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Evaluation of Deformable Barrier Designs and Associated Compatibility Metrics in Full Frontal Impact Testing

[+] Author Affiliations
Steven Reagan, Xioawei Li, Saeed Barbat

Ford Motor Company

Paper No. IMECE2005-82540, pp. 387-398; 12 pages
doi:10.1115/IMECE2005-82540
From:
  • ASME 2005 International Mechanical Engineering Congress and Exposition
  • Engineering/Technology Management
  • Orlando, Florida, USA, November 5 – 11, 2005
  • Conference Sponsors: Engineering and Technology Management Group
  • ISBN: 0-7918-4230-4 | eISBN: 0-7918-3769-6
  • Copyright © 2005 by ASME

abstract

Several modifications to an existing deformable barrier are investigated for their ability to predict the presence of secondary energy absorbing structures (SEAS) using four deformable barrier designs with simulated impact by two vehicles. This study is motivated by the assumption that SEAS may enhance vehicle-to-vehicle compatibility and it is desirable to know if SEAS presence and its benefits are detectable through dynamic barrier testing. The considered barrier types are modifications of the Transportation Research Laboratory (TRL) barrier consisting of two layers, a front and rear. Each layer is 150mm thick with the first (front-most with respect to the vehicle) layer compression stiffness of 0.34 MPa and the second (rear-most) of 1.71 MPa. Proposed modifications to the (original, baseline) barrier are: 1. Increase the stiffness of a localized region of the front layer to 1.71 MPa (between ground heights of 330mm and 580mm). 2. Increase the depth of the second layer to 200 mm. 3. lncrease the depth of the second layer to 300 mm and use a single, non-segmented piece for the entire layer. The resulting four barrier configurations are all assumed to have 125 × 125 mm segmented “cells” supported by load time-history transducers. Computer simulation of impact by four vehicle models differing in mass and structural architecture is used. Four vehicle metrics intended to measure compatibility through impact with deformable barriers are used to quantify each barrier design’s ability to detect SEAS. Using the metrics outlined in this paper, a barrier design with stiffened rows three and four is best suited for SEAS detection. This conclusion is based on its sensitivity to four vehicle designs with and without SEAS as well as consistency of trends.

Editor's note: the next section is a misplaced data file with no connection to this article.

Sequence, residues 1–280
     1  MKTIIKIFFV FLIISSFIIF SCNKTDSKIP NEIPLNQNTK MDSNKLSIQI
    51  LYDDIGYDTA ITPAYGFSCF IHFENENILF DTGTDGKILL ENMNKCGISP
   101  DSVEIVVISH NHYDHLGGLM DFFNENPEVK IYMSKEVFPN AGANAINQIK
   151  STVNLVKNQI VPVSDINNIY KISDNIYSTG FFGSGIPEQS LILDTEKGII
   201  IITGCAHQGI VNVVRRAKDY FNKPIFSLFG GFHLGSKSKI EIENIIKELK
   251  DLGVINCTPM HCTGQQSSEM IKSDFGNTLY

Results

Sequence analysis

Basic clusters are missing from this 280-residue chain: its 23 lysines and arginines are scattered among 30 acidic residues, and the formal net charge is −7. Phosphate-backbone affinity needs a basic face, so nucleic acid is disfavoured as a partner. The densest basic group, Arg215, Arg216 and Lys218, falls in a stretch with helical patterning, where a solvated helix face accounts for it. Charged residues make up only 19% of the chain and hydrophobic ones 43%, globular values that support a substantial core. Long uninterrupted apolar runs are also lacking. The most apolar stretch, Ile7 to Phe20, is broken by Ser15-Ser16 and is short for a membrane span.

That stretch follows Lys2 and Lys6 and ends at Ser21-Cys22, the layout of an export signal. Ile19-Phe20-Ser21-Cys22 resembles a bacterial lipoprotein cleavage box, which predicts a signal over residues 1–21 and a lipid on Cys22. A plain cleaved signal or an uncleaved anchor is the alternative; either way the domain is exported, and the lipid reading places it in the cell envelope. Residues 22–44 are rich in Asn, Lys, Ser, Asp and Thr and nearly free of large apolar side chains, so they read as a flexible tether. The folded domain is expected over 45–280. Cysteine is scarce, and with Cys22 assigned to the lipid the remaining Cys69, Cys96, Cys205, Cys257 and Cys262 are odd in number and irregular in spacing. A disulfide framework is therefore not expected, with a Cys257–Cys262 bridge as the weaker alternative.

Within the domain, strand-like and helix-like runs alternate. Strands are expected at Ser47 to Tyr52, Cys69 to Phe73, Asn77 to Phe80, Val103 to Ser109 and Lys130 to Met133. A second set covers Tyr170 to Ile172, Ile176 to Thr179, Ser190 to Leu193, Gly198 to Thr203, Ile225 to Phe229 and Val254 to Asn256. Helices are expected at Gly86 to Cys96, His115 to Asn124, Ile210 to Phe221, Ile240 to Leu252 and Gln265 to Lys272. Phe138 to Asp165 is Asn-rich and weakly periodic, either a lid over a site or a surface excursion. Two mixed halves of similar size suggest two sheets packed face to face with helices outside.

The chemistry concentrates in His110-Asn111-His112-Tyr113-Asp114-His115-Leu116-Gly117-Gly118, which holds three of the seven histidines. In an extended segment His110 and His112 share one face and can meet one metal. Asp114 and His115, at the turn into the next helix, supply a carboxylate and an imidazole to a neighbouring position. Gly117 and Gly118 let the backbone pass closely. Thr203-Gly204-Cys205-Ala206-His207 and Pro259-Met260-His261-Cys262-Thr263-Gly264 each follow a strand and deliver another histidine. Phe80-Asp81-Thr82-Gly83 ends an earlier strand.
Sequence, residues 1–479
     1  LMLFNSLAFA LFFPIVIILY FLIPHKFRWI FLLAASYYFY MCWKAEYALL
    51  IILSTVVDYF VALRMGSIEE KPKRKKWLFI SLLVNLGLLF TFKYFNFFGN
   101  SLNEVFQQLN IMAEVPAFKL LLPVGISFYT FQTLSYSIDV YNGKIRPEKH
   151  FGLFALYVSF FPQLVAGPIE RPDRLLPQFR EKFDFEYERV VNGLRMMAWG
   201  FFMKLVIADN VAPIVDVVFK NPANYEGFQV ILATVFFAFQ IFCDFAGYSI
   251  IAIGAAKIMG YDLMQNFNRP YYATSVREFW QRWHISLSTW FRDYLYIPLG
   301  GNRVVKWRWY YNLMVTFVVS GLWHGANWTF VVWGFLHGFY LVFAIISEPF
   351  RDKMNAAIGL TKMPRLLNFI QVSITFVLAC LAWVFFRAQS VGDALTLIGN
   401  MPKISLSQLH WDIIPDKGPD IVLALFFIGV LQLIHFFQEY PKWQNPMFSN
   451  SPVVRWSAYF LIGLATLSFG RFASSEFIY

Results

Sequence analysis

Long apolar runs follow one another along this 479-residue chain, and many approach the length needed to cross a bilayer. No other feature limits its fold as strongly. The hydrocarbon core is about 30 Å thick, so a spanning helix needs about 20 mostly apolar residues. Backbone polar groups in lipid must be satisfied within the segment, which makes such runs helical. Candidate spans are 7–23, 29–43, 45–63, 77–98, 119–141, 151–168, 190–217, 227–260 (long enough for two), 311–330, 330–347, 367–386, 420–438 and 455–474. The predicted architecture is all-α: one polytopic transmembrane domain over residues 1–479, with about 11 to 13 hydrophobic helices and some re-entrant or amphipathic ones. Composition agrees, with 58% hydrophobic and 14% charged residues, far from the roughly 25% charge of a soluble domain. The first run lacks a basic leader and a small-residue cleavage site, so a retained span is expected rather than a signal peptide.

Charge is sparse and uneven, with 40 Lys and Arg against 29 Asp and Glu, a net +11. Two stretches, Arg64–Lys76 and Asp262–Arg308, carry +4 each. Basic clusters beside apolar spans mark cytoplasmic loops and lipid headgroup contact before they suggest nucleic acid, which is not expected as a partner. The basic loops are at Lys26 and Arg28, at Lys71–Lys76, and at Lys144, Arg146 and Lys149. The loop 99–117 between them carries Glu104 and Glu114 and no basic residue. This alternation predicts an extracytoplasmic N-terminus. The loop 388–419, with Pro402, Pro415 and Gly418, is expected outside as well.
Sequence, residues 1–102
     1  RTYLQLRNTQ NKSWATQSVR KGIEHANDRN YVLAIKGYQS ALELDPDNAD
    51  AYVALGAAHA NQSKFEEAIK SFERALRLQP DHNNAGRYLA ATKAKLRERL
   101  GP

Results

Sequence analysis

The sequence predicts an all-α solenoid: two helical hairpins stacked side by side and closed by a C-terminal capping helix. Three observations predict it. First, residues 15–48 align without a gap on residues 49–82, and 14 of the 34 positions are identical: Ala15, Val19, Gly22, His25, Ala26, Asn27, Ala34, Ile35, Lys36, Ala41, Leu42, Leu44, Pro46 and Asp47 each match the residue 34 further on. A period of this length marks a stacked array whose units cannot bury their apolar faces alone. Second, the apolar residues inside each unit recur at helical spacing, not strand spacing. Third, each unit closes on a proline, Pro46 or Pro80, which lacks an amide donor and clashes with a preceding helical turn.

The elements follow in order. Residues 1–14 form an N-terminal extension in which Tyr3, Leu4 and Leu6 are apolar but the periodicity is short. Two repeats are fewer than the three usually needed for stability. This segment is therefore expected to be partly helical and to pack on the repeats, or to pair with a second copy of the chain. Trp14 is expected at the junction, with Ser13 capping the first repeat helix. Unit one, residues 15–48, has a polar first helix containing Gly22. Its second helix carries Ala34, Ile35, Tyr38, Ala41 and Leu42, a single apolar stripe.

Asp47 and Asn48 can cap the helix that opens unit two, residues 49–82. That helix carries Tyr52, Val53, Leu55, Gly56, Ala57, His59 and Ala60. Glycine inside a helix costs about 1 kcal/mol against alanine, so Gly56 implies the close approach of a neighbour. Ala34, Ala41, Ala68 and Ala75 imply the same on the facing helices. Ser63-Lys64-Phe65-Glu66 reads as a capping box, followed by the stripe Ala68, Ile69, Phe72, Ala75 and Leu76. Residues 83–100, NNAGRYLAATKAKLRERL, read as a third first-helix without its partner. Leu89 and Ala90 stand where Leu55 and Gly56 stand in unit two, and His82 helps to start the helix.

Copyright © 2005 by ASME

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